I’ve purchased and purused various touristy types of books about Chicago that emphasize walking our neighborhoods to actually understand and appreciate them. I took that opportunity tonight when I visited North Lawndale as part of my Junior League of Chicago placement in Project CON:CERN. Our project involves assisting a community organization with developing a volunteer management plan, focusing on recruiting, training, retention, and appreciation efforts.
At about 5:20, I boarded a Forest Park bound CTA Blue Line train at the Jackson stop, heading to the Pulaski station. I narrowly missed the #53 Southbound bus, so I began to walk in the waning daylight toward my destination. I walked past a high school, a large handful of empty lots, some buildings that look like they should be condemned, a funeral home, a few convenience stores, and a few hair salons, including one that looked like it had recently been redone. I was extremely aware of my surroundings, recognizing that crimes can happen anywhere in this city, as highlighted by the latest rash of robbery and assault cases in Lincoln Park. What I did see was extreme poverty, with too many people lacking a proper winter coat (hopefully they were simply underestimating the continuing downspiral in our temperatures) as well as commercial activity. I think that there may have been a grocery store on one of the cross streets with Pulaski, but I’d bet this neighborhood is considered to be a food desert. Our agency contact admitted there are racial issues in the high schools between the Latino and African-American populations, tensions that are rising as the number of Latinos rises in South Lawndale, which the white residents created as a concerted effort about forty years ago to be referred to as Little Village.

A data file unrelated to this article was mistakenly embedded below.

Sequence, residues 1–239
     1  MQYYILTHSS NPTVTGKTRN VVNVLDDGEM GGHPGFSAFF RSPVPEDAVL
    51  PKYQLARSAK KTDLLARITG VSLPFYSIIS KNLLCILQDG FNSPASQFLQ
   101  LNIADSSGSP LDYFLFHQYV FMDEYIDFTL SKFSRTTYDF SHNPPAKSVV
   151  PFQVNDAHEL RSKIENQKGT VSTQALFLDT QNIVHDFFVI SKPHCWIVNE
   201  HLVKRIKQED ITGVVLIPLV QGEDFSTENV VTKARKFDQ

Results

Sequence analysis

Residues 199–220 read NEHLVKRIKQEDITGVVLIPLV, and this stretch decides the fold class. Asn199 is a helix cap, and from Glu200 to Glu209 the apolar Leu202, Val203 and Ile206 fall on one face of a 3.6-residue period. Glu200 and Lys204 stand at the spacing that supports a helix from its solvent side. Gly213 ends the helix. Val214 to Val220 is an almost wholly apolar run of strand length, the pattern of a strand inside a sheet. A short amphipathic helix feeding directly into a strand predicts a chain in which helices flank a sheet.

So many thoughts swirled as I walked and on my way back into the Loop. First, I thought about St Vincent DePaul’s insistence that we not only serve the poor, but also know the poor. I am so blessed to have undertaken this degree program at DePaul — it is truly challenge to serve at a greater capacity, with a deeper sense of humanity and dignity, and a new development of self. Second, I considered the topics we discussed last week in Ethical Leadership — how do we address racial issues unless we are willing to name them? Is the state of racial politics actually better or is it just more insiduous? And have we given up on the duty to create equality, instead blaming groups for not moving quickly enough, despite the lack of resources? Unfortunately, my walk did not provide me with any great deep insights, but it did provide me with a wider understanding of my home. Oh, Chicago, how I adore thee!